Digitalisation, data, and the integration of IoT sensors and artificial intelligence (AI) are key enablers for energy efficiency and emissions reductions. The ability to baseline, measure, and monitor a building’s energy consumption enhances optimisation strategies, enabling tenants, owners, and managers to find opportunities for energy and cost savings. Digitalisation further boosts the energy and emissions savings from sustainable, high-efficiency equipment like heat pumps.
We can often be cautious when it comes to implementing these new technologies. However, as opposed to generative AI, like ChatGPT and Bard, that has no guardrails on its functionality, the purpose-built AI that underpins building management is completely contained, tested, and outcome-driven. This technology boasts huge benefits for real-time optimisation, as the system does not rely on an operator to detect anomalies and alert teams. For instance, AI-backed building management systems can work with IoT sensors to recognise how many occupants are in each room in a building and can change the rates of air conditioning, lighting, heating, and power accordingly, saving energy, emissions, and cost.
There is a misconception that these high-tech net zero solutions are expensive. However, with the right financing and tech partner, building owners can lower capital outlays and move to smart services – meaning that they can carry out building upgrades faster and with less risk. They can spread the cost and implement changes in stages, using energy savings at each stage to help fund projects, and making the swap to sustainable buildings more accessible. In some cases, where building systems are quite old, for example, the energy savings can even bring paybacks above project costs. This is especially important for London, where 77% of homes were built pre-1983.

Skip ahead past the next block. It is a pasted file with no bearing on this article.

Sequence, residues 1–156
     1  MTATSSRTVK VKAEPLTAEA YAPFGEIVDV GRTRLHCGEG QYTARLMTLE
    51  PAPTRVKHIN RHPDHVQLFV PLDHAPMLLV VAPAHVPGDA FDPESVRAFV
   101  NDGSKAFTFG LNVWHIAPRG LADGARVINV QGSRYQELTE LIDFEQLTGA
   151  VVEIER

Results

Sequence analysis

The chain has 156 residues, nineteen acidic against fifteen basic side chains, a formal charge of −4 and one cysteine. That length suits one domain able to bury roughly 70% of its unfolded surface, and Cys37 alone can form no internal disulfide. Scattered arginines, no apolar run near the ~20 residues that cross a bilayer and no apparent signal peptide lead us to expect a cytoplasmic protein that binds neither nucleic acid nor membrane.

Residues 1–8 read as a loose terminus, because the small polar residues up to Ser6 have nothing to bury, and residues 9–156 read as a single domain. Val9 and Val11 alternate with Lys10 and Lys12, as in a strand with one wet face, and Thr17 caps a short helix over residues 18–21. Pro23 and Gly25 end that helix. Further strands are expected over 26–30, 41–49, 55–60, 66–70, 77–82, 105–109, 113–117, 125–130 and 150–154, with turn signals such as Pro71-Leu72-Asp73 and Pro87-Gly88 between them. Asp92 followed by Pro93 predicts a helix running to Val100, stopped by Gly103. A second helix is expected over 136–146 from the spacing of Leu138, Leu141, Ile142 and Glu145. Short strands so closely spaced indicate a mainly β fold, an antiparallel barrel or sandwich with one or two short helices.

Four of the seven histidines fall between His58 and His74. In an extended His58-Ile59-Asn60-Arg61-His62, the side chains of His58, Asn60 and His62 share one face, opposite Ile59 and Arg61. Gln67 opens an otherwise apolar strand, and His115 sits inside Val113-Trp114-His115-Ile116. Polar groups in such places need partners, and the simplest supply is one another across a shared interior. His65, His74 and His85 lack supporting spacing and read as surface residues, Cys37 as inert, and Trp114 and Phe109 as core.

A diverse solution calls for diverse skills
Although the technology exists and is proving its worth, there is a clear need for skilled workers to fit the volume of new equipment and systems needed to meet net zero goals. There is a huge skills shortage for technical engineers that can carry out this manual work such as connecting pipes and installing electrical connections, as well as for employees who can help design and implement net zero strategies.
Not only will these new skills drive sustainability benefits across London and the UK, but a focus on upskilling workers in poorer areas will help to boost disadvantaged communities socially and economically. Expanding the offering of equal opportunities for building a cleaner, greener economy is key to unlocking climate action across London’s boroughs, the UK, and the world.
Can London meet its 2030 net zero goal?
Creating a net zero capital city is no easy task – but is within reach. By embracing the diversity of London’s buildings, the sustainable technology available, innovative financing structures, and opportunities to upskill local communities, we can make real progress towards the mayor’s ambitious targets. Buildings can be our quickest, biggest sustainability win. We need to maintain our focus, avail ourselves of all our resources, and empower everyone who has a stake in a net zero future to play their part to get there.